Haircuts in Taiwan

When you visit us, plan for a haircut.
You can spend an afternoon pampering yourself with the longest shampoo you’ve ever enjoyed (usually over an hour) along with shoulder, arm, and hand massage and finishing with a great haircut all for a reasonable price.  Here’s a photo of Mom and Casey getting the full treatment.  It took quite a while for the shampoo girl to get all of Casey’s long, thick hair sudsed up.

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Or you can go the quick and cheap route.  That doesn’t mean a less expert haircut.  Dan tried the three chair, “take a number” haircutter at our local discount supermarket (Save & Safe).  It cost 100NT (roughly equivalent to $3 USD) and took about 15 minutes.  Best haircut he’s ever had.  No reason for us to try cutting his hair at home anymore.

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Or you can get something in the middle. There are hair salons in every block.  I like the very competent man in Vickey’s old building.  He does a great job without the frills or extra cost of the ultra-pampering place.

Be sure to add haircuts to your Taiwan vacation plans.

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Summer Solstice Hike

It’s hot this time of year.  We tried telling some local friends that it was a bit warm but we were clearly corrected – it’s hot.  When the conversation turned to local hikes, a friend told us that the thing to do this time of year is get to the trailhead by sunrise. That way you can go up the mountain and be back at your car before the temperature is unbearable.  So on this summer solstice, that’s what we decided to do.
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It was crowded at 5am.  Really crowded.  We found a parking spot and followed the crowd past the inevitable market stalls just opening for business.  This was supposed to be the easiest of the official trails.  Right.  This photo is of the steep initial part of the trail.  After that it changed to stairs.  The two trails we were on (#9 going up and #10 going down) were reopened last year with newly built stairs and boardwalks.  They are very nice, very steep stairs.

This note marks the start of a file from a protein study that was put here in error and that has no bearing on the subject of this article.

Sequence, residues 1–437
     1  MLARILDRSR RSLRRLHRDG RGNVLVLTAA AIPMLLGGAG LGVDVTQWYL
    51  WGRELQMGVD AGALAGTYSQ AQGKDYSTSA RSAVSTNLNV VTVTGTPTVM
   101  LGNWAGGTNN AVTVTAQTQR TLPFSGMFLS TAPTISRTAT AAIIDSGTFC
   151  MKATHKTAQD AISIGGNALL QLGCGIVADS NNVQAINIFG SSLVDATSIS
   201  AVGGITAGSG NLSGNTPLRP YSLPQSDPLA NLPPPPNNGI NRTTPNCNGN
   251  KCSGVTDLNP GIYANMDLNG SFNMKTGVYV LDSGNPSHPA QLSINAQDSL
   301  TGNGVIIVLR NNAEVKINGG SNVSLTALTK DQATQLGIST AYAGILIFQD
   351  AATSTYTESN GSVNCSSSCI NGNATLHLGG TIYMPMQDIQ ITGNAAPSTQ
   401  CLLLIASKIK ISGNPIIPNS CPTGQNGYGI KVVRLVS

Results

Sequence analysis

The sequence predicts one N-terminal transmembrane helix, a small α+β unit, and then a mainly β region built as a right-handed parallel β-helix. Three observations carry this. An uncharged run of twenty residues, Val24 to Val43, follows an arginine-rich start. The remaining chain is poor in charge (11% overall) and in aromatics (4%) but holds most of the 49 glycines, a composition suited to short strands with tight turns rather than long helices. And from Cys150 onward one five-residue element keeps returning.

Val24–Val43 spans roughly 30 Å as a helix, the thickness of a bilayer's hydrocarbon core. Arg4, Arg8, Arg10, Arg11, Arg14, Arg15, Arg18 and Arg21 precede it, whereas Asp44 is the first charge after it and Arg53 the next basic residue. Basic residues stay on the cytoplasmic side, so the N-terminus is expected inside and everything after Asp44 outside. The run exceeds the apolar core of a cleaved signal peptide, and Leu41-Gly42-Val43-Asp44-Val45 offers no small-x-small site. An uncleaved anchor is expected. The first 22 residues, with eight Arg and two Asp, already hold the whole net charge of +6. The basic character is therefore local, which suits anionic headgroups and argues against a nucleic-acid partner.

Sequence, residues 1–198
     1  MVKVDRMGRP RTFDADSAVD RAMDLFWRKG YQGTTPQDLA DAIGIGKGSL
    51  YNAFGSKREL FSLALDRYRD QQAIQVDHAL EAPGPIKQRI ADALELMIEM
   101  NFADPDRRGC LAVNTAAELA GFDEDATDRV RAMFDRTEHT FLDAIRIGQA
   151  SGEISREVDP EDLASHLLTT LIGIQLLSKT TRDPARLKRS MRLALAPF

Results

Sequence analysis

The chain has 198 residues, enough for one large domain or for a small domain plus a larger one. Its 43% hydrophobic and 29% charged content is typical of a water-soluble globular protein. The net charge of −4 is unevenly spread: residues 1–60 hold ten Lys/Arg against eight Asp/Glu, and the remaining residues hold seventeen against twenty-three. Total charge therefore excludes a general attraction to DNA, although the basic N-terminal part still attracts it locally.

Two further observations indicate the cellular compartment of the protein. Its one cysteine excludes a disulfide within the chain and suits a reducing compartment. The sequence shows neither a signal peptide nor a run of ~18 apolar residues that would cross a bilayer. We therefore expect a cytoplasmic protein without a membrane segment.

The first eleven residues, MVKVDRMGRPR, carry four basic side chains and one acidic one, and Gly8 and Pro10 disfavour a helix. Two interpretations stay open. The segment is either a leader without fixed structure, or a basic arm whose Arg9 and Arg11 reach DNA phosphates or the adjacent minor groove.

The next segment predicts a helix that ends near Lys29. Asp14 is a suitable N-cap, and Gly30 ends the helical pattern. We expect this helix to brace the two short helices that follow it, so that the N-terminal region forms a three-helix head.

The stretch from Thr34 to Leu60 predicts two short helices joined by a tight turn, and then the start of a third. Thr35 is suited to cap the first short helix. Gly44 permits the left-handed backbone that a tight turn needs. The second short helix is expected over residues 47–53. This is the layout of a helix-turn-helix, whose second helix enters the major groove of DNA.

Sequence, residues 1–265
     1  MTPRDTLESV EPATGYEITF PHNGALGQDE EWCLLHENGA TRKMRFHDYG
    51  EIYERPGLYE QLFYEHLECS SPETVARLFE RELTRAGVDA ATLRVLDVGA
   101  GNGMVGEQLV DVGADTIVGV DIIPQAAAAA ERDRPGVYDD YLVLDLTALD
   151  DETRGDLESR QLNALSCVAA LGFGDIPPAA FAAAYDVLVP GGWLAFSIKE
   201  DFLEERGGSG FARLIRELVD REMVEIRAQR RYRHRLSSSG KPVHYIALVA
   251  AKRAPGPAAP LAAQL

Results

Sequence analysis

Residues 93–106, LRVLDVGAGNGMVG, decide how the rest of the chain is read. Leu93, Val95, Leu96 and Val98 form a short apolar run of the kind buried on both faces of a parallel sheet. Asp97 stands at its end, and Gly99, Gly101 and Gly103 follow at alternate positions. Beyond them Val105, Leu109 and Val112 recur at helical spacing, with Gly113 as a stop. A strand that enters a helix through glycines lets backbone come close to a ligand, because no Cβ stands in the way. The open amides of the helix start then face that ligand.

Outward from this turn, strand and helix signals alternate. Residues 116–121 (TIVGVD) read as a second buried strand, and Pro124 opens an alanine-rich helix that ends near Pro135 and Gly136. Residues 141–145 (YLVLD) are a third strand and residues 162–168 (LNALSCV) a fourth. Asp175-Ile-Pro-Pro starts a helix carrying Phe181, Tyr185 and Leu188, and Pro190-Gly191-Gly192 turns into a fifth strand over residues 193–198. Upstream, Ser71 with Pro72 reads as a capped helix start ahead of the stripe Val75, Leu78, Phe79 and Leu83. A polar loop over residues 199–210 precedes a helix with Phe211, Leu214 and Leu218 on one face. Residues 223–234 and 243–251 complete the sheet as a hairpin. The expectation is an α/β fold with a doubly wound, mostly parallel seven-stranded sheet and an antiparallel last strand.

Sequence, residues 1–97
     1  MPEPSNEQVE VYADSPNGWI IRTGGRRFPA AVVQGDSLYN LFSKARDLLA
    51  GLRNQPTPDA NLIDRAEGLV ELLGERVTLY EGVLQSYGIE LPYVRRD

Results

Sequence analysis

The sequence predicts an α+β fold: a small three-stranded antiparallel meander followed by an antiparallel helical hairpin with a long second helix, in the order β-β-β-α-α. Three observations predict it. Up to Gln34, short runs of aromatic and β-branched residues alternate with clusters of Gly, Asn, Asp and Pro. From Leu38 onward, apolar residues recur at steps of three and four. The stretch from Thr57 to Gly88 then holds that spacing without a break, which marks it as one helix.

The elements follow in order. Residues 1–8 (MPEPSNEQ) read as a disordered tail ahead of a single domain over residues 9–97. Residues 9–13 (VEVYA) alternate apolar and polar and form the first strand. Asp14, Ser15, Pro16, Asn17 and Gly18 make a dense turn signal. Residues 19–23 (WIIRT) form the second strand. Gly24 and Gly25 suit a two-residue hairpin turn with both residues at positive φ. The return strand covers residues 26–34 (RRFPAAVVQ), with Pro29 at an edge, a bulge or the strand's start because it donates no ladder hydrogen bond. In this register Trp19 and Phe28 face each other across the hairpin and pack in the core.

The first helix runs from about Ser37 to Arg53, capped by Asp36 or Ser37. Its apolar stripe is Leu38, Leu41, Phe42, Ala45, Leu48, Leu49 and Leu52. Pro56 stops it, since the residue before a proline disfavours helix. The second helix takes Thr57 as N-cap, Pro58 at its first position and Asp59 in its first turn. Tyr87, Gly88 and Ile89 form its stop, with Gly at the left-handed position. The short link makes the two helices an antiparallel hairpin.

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You’ll notice that most folks are carrying towels and extra water. That would have been a good idea.  We got plenty of encouragement from the others on the trail.  We really had a great time doing this.  Of course when we got back to the car we made a beeline for long showers, clean clothes, and a good long nap.

Let’s see if we will tackle this again another weekend.

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The end of the school year

We’ve been in Taiwan 11 months as of today.  What a grand adventure this is turning out to be.  We’re feeling as much at home here as we can without being able to read, understand, or speak the language and without truly understanding the culture.  We’re still learning, little by little.  I’m certainly doing things I didn’t think I would be doing (Dan is still in shock that I am enjoying teaching and I’m more than a little surprised at all the writing I’ve been doing).

Here are my cooking students on the last day of class.  The older student behind me is a senior who was hanging around for the day and decided to sneak into the picture.  He learned early to come by right after class in hopes that there were leftovers he could eat.

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As interesting as it has been to live in another country, it’s really the people we’ve met who have made this such a great experience – the people we work with, the new friends we’ve made, the market ladies and the folks in the building who take care of us.  Recently there was some sort of Dragon Boat Festival party in the building that of course we didn’t know about (because we can’t read the signs in the elevator).  We got a phone call from the front desk telling us to come downstairs for our share of the sticky rice dumplings and bamboo shoot soup.  Here’s a good video from Peggy Teaches Chinese that explains how her grandmother makes sticky rice dumplings.